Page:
Popular television shows such as Once Upon a Time and Grimm and the revamping of fairytales in movies such as Snow White and the Huntsman show that modern audiences are hungry for old tales, especially ones with modern twists.
The Grand Theater’s production of Into the Woods playing now through Oct. 27, mixes fragments from a myriad of well-known fairytales and combines them into the telling of one story. The play continues to tell what happens after the happily-ever-after in the second act.
“I think that James Lapine and Steven Sondheim have created an incredible musical that speaks to our hearts, speaks to our intellect and speaks to our fancies, and in doing so also scares us a little bit,” says Neil Vanderpool the associate dean of performing arts and “Into the Woods” choreographer. “I believe personally that the show is about choices we make in life.”
“Be careful about what you wish for”
The play opens with Cinderella, the Baker and Jack all making a wish for something they each want.
“Sometime you need to be careful about what you wish for because you might get it, and what are the consequences of that wish?” says Vanderpool. “Do we run when life is tough? Do we value money more than family? Do we destroy our own selfishness? Do we pluck a flower when it isn’t ours to take, or do we find the path that leads to a world that is golden, silky and pure?”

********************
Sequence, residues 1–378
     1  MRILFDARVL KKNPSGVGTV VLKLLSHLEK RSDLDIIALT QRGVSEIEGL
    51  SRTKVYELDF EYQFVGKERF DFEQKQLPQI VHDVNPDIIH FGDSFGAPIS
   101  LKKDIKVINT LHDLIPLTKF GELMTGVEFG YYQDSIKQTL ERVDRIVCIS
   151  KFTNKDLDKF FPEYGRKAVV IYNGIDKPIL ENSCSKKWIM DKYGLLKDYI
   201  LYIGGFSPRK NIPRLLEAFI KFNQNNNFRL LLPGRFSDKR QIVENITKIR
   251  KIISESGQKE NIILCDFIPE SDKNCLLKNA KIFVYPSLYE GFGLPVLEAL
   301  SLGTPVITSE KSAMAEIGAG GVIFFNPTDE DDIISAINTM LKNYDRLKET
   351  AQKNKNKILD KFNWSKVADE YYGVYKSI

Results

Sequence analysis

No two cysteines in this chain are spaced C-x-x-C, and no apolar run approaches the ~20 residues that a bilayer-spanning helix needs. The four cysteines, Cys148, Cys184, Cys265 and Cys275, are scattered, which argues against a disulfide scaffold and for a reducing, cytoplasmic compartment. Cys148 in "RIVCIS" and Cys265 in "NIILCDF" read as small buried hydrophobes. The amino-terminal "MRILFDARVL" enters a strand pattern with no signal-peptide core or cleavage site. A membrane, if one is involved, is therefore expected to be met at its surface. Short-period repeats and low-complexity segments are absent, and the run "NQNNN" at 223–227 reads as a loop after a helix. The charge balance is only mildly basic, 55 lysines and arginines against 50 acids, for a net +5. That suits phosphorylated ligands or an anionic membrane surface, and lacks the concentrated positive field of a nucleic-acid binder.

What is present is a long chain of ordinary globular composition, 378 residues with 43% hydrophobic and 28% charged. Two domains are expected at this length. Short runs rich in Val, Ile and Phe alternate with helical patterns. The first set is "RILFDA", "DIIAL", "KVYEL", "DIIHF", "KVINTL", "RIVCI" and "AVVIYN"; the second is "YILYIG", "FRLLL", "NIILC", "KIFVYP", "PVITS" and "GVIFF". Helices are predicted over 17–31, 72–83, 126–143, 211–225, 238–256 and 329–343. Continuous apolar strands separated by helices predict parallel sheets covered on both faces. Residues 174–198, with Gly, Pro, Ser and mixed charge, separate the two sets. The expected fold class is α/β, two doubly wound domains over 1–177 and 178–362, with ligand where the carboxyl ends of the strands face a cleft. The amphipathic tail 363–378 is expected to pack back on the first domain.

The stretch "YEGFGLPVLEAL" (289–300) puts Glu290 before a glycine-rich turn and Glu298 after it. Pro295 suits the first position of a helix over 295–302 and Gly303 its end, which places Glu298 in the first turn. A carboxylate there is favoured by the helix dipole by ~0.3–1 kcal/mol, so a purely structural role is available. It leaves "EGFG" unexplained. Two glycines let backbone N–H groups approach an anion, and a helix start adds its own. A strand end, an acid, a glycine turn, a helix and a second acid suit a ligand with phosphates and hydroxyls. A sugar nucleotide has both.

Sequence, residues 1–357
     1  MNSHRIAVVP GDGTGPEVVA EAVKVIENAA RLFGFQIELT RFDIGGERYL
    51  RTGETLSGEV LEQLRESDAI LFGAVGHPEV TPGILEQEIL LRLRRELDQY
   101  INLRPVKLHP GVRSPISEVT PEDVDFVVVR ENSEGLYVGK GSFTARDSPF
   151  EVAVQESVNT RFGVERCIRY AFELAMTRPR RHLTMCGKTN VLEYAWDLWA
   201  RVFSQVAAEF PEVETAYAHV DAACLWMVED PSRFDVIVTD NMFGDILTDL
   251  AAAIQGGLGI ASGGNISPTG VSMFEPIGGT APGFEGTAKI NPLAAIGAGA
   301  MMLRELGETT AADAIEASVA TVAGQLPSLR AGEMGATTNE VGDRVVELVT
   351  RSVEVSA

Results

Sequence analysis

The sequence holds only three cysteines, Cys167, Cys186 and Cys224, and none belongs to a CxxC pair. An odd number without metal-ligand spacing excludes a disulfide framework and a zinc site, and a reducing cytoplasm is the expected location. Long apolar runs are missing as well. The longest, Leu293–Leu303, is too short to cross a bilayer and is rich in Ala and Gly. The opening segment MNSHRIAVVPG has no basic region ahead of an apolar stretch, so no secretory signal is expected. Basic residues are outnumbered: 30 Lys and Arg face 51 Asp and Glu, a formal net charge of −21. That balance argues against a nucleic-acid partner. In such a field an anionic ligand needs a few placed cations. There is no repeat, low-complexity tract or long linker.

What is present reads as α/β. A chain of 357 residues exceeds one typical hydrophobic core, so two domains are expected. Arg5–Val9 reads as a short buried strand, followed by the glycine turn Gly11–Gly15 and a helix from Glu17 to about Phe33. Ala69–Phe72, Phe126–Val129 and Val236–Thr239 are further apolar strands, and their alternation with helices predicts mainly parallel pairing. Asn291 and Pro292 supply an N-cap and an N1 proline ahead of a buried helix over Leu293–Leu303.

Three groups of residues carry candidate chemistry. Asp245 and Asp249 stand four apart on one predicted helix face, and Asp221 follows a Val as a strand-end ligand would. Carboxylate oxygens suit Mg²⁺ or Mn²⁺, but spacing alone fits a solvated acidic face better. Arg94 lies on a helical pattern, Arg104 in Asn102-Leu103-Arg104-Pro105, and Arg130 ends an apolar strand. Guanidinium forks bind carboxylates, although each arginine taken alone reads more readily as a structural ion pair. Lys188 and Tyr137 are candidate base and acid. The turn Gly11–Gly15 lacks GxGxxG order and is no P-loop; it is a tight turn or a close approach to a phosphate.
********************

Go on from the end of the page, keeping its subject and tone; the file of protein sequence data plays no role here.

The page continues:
The play can be seen through philosophical eyes like Vanderpool or just for the entertaining story and good music.
The set design uses a 30 foot turntable to assist in the movement of characters though the woods. This was the first time the Grand Theatre used such a large turntable. The trimming on the edge of the turntable was a little distracting and the sound of the motor was loud at times, which brings the viewer out of the moment.
The cast of “Into the Woods” played their roles well and are good singers, which add to the enjoyment of the musical
The costumes were well done, especially the wolf and the mask movements. The way the giant was portrayed gave the cast a chance to look right at the audience in the balcony.
“The audience who comes to ‘Into the Woods’ will be entertained they will be visually stunned,” says Vanderpool. “Plus hopefully [the audience] will catch the themes and messages.”
Overall it is a fun play except for a few technical sound glitches. It is a good choice for opening the fall season at the Grand Theatre and for October.
The play runs from now through Oct. 27. For details and tickets visit www.the-grand.org.